I watched the NBC-TV coverage of the International Olympics' opening ceremonies on Friday evening, just like millions of others. But I had to cringe often.
Don't get me wrong. I thought the ceremonies were great, original, and well done. But all through it I had to listen to the constant dribble jabber of no less than three commentators ... Meredith Viera, Bob Costas, and Matt Lauer. I mean dribble. Irritating dribble.
There is no class act here with American network personalities. They talk down at me. They describe everything as if I and the rest of their audience are stupid. They try to plant their own opinion in our heads instead of just giving us the facts and let us draw our own opinions.
United States TV personalities feel like they have to talk all the time -- the dreaded fear of "dead airtime." Sorry, it isn't radio, it is television. There is plenty of time to let an event play out as it happens, instead of someone talking in my ear above the sounds of the event saying that this is the portion of the ceremonies that are the most moving. Well, that sure let it be less moving.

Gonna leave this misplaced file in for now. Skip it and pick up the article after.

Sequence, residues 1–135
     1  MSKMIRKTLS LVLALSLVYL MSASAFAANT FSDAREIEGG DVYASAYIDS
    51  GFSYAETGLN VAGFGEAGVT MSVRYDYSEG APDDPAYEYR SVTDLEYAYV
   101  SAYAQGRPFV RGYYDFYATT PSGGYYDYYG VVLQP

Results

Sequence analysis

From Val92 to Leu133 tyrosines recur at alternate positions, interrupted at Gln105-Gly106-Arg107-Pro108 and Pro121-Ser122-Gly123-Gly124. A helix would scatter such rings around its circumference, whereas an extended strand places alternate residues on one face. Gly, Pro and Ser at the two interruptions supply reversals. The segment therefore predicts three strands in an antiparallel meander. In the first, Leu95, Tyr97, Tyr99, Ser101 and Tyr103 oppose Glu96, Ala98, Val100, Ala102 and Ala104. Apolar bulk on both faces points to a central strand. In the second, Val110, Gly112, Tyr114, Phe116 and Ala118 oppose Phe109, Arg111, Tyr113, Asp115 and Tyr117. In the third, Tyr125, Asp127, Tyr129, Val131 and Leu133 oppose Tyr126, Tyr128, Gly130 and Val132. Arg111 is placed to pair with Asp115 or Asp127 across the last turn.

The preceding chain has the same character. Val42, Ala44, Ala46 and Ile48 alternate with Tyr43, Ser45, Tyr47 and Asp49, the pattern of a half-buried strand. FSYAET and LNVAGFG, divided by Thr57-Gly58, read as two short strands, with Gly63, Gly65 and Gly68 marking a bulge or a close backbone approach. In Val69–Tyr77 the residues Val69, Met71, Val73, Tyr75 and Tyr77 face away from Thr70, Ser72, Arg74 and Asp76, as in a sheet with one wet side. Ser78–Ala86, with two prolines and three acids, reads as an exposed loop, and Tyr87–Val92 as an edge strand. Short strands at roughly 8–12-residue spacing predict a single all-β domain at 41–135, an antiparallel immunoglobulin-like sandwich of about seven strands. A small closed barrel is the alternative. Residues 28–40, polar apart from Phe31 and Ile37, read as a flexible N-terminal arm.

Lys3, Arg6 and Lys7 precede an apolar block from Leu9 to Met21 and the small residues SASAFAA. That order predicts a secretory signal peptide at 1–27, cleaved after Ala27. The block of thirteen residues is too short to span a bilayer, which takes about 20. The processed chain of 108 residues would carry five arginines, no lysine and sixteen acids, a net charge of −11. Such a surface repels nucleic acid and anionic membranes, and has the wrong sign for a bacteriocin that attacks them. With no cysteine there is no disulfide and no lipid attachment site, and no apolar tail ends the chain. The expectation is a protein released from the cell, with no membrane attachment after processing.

Why can't our TV personalities get their heads out of their asses (THEY think their heads are high in the clouds) and have the class that commentators in Great Britain have? The British personalities treat their viewers with dignity and only provide important background information on the event and let the viewers enjoy it as it unfolds.
I first got a taste of the British TV's class act during the funeral services and march for Princess Diana. I saw two versions ... that feeding from NBC in the United States, and the BBC telecast that was picked up by a U.S. cable channel and rebroadcast. What a difference. The BBC version was classy, solemn, informative, and let the unfolding events be absorbed by their viewers as it should be, with commentators giving just brief background information -- and never conversation between commentators. On the same event coverage on our side of the pond, the anchors and reporters where constantly talking and, what is so irritating, they were talking back and forth to each other, forcing the viewer to take a back seat and overhear the gossip.
C'mon, U.S. "journalists." Do your viewers a real service by keeping your comments and opinions to yourselves and give us background facts to help absorb what is going on.